I think it's not true. I think that some people would have remembered to vote who didn't and I think that a few of the people who voted for me would have voted for Dukakis. Many of the people who voted for me would have voted for King. When I was out for it was the anti Dukakis vote and I got a lot of King votes. And if you look at my vote which was larger in the cities than it was in the suburbs you'll see why I say that since January I have been trying to tell people that Dukakis is in real trouble. He couldn't have won if people had known the day before that he needed their help because he had no organization and he had no organization because the people who ran his last election decided in January that they could not work for him. And that is why it was very clear from the beginning that he couldn't win. And the mystery of the election is why the press never saw that and why the polls never indicated that everybody who was out on the campaign trail knew that Dukakis was in serious trouble.
I just like to close to ask you what you might be predicting for November's election. I think that hatch can win but only if people really get out and work for him. Boston's Museum of Fine Arts has just been awarded $600000 by the National Endowment for the Arts. The money comes as part of the federal agencies challenge grant program by which the museum must raise $3 for every $1 received from the government. JOHN CANN of and the director of resource development for the MFA said that a large portion of the money would be spent on the renovation and reconstruction of the museum's West Wing. The groundbreaking ceremony for the new wing of the museum occurred two weeks ago and its architect is I.M. Pei has been in the news a lot recently since he designed the new wing of Washington's National Gallery. Bostonians are also familiar with his
work. He designed the new John Hancock Tower in Copley Square. Players currently in Boston making plans for the Museum of Fine Arts West Wing. And he spoke yesterday with reporter Vivian Dukat. I was told You have a feeling about the museum as it presently stands that there's something about it that's kind of random that you can get lost in it and that you see your goal is to straighten it out. Could you explain that. Yes. And I think this is terribly important in the museum particularly a big one like this that the public must not must find their way easily. And it can be done by design. And at the present time it is not it's a rabbit warren. And as a consequence of that I think the museum loses a good deal because a visitor can easily miss out on some wonderful galleries were hidden away by design if we can clarify this system of circulation. And we not only makes it easier for people to find their way but at the same time I think we can expose more of the wonderful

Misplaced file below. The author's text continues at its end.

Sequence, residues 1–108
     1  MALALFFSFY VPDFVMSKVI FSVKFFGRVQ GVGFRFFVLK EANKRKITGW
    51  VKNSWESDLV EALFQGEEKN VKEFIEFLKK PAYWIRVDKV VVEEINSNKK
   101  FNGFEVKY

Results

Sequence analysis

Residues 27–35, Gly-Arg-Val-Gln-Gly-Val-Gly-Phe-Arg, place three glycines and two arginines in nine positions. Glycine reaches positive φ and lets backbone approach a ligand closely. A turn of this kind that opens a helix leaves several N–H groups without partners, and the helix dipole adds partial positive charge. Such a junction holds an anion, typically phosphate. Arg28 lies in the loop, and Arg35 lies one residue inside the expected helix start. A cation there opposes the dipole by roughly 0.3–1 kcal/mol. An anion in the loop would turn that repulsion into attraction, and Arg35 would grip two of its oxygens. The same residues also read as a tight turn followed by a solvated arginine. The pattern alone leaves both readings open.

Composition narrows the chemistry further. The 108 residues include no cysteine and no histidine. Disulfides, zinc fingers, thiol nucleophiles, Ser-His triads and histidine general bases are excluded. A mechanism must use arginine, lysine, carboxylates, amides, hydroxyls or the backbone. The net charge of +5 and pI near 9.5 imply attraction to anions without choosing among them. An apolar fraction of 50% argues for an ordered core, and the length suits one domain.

things collection to to them for them to visit and to see. So what kinds of things can be done. First thing we can do is to make the circulation spine simple. So that. I think a person has sort of a sixth sense about how to kill around. And if you don't try to trap it trap him or her purposely by Piper Zein you try to do it in a simple way. I think that they'll find their way around and as a result I think makes makes it much more pleasurable to go to a museum that way at the present time. We all know that the museum has one of them finest collection in in the country and in the world and much of it much of the resources of the museum are hidden away in the basement storage. So the first thing we have to do is to make more galleries. Then the second part which is the West West Wing and I'll come to that the West Wing performs another kind of
function. Museums today are no longer just a repository for works of art. It's more than that it's also an educational institution. It's a place that we want to let's say have been changing exhibits exhibits from other museums and other parts of the world where we don't have here in Boston area. Now the West Wing will perform that function. It will satisfy the needs with the docents solve too well right now to have a large flexible exhibition space for changing exhibitions. Now additionally I think the museums such as the US as Largest as this needs to have a change of pace for the public and I think the West Wing will give them sort of just that make it pleasant for them to sit around have a drink to to to go on and see more. At the present time there is no
place to do that. In the West Wing we will have a place where there will be trees and flowers and they light. Make it much more enjoyable. When you design any museum How do you. Do you ever take into account the kind of art that is already owned by the museum in deciding your design. Oh very definitely yes. And the spaces we have to be tailor made to the objects. For example let's say a Chinese Cross is very different from large canvases by modern American painters. Totally different therefore the spaces will have to be different the lighting will have to be different. Yes there have to be tailor made but that can come later. There is almost an internal interior design but the external space has to be there first. And this is our first order of business is to create as many calories as we can out of the existing building. And then to redesign each of those internal spaces to fit the